A visitor to Republic Services Inc.’s facility near West 96th Street and Michigan Road could be forgiven for mistaking the towering recycling machine inside for a Rube Goldberg contraption.
Glass, plastic and newspapers are dumped into a revolving drum that feeds a conveyor that in turn lifts the assortment about 90 feet and spills it onto a quick-moving belt where several workers purge contaminants.
Cans and plastic bottles fall to another conveyer and heavier glass plummets to the floor, where it shatters and is crushed and rolled into tiny pieces to be shipped to Chicago to make more glass.
Plastic grocery bags magically vanish. Workers fling them into the air, and, whoosh, a vacuum system sucks them into a metal cage.
Spinning discs float newspapers forward until they fall to the floor and are scooped into a hopper and bailed.
The system, the largest in the Indianapolis area, is getting busier, and company officials see no letup in sight.
“Because Republic has invested millions of dollars in this recycling facility, that creates an incentive for more recycling,” said Carey Hamilton, executive director of the Indiana Recycling Coalition. “It helps to create the right climate for communities to provide improved recycling resources for their residents.”
Phoenix-based Republic added the $4 million machine in 2009 after buying the site from SMI Recycling & Disposal in 2000.
Republic employs 325 people in Indianapolis, counting its downtown plant on Langsdale Avenue near 21st Street and Martin Luther King Boulevard. The north-side facility has 90 employees, including 31 who work on the recycling line.
The state-of-the-art machine, which is half the length of a football field, can process 200 tons in a 10-hour day.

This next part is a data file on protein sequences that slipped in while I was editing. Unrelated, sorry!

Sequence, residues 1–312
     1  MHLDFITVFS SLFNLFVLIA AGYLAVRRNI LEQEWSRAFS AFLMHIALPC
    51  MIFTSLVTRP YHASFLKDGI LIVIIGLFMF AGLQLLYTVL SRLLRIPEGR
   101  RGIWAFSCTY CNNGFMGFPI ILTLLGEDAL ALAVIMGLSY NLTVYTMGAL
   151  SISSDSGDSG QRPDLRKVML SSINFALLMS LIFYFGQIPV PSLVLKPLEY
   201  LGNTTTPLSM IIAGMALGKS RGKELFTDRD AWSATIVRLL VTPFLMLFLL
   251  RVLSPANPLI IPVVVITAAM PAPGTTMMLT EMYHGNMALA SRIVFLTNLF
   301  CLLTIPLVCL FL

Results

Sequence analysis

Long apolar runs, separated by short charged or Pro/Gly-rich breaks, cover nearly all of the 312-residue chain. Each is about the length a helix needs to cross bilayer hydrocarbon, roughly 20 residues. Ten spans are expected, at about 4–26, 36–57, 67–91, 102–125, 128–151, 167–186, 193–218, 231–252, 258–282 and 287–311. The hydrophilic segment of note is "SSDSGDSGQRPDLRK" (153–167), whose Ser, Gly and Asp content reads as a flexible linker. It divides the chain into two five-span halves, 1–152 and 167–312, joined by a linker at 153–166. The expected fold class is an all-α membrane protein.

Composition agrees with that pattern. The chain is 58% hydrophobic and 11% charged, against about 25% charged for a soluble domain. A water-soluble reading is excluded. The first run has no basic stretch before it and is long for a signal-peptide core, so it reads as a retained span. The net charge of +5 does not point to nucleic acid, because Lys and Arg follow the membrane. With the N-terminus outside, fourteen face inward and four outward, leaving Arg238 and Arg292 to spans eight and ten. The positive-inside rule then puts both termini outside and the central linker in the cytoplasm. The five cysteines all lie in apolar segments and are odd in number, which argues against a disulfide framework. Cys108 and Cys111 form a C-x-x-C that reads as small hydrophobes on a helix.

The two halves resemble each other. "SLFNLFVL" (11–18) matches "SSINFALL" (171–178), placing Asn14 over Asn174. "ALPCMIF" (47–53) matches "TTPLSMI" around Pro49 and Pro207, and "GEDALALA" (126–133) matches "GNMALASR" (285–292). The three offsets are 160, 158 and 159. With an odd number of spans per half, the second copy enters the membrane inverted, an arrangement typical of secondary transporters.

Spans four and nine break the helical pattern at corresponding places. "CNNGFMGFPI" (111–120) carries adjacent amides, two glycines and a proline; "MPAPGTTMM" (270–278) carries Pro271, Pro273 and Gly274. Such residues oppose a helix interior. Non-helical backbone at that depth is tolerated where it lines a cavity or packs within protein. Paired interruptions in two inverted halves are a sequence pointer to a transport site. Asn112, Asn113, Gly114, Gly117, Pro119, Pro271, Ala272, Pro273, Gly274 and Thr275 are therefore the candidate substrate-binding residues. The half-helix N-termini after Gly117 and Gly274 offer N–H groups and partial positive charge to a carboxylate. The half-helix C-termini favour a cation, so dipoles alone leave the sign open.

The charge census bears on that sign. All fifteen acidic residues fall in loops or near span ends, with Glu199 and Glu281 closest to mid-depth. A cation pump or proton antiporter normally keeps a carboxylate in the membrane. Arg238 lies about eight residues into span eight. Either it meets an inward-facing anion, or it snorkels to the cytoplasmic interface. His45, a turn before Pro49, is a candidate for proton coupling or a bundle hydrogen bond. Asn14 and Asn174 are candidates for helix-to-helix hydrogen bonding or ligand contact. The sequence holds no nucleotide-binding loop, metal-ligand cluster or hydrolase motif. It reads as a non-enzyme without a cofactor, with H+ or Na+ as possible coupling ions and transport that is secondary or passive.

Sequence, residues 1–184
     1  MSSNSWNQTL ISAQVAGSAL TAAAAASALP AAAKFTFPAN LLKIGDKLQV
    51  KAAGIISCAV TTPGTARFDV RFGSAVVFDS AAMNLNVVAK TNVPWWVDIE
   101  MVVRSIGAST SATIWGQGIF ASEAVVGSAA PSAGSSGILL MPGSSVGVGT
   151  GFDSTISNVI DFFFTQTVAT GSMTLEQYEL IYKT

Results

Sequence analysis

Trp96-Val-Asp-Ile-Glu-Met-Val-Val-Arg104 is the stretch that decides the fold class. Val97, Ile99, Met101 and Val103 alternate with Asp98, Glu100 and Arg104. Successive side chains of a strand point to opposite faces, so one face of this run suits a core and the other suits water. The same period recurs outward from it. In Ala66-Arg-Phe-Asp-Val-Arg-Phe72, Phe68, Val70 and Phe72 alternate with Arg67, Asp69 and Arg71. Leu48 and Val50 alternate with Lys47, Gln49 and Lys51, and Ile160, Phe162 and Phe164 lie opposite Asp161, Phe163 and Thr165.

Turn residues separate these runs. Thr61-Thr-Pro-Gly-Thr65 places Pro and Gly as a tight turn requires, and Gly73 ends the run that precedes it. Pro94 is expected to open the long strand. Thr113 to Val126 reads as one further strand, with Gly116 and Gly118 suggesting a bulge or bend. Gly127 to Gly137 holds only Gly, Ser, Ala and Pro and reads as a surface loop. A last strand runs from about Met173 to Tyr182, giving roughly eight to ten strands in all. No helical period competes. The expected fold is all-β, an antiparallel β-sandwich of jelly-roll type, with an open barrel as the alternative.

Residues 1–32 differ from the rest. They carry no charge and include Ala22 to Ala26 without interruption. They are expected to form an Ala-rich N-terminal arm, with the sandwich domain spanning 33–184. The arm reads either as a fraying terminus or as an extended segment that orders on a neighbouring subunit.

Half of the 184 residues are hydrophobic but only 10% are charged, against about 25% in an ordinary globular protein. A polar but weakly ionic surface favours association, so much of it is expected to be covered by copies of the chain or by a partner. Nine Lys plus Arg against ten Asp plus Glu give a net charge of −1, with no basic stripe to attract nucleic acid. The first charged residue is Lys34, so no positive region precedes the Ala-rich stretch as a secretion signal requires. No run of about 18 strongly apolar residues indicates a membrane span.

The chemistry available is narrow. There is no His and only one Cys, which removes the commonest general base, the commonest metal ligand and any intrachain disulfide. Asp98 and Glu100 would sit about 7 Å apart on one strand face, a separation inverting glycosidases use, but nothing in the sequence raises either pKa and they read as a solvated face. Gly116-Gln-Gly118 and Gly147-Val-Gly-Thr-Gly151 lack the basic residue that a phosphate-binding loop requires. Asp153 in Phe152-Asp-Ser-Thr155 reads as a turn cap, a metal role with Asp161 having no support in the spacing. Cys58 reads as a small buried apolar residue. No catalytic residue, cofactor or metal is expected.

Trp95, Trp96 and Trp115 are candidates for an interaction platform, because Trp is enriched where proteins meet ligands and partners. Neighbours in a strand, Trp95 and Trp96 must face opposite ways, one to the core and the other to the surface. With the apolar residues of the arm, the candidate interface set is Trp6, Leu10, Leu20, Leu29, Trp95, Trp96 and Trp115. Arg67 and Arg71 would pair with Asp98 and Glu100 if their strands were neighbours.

Its capacity continues to increase as more Republic customers recycle. The company serves half of Indianapolis for trash pickup and the entire city along with much of the metropolitan area for recycling pickup.
Recyclables, however, can arrive from as far away as Evansville, Terre Haute and even Champaign, Ill.
Republic made the investment in part to benefit the customer, said John Drier, general manager of Republic Waste Services of Indiana. Before the arrival of the machine, customers needed to place newspapers in a container separate from other recyclables.
“To get people to really want to recycle, we found that it needs to be easy,” Drier said. “Otherwise, it’s so labor-intensive.”
But there also needs to be a financial incentive to make the investment worthwhile. Republic found that incentive in the quality of newspaper it can recycle and sell.
Newspaper had been sorted manually along with other recyclables, but the machine made it cleaner, thus more valuable to paper mills. Today, newspaper is bundled into 1,700-pound bales and shipped to paper mills in Alabama, Georgia, Ohio and Indiana.
Mills typically allow about a 2-percent contamination rate before rejecting it or paying less. Republic’s state-of-the-art recycling machine helps the company consistently achieve the goal.
“It’s only worth something if it’s clean,” Drier said. “Otherwise, the mills can’t process it and they wouldn’t want to pay for it.”
Paper products are the largest component of municipal solid waste, making up more than 40 percent of the composition of landfills, according to the U.S. Environmental Protection Agency.
The U.S. paper industry has set a goal of recovering 55 percent of all paper used in the country by 2012.•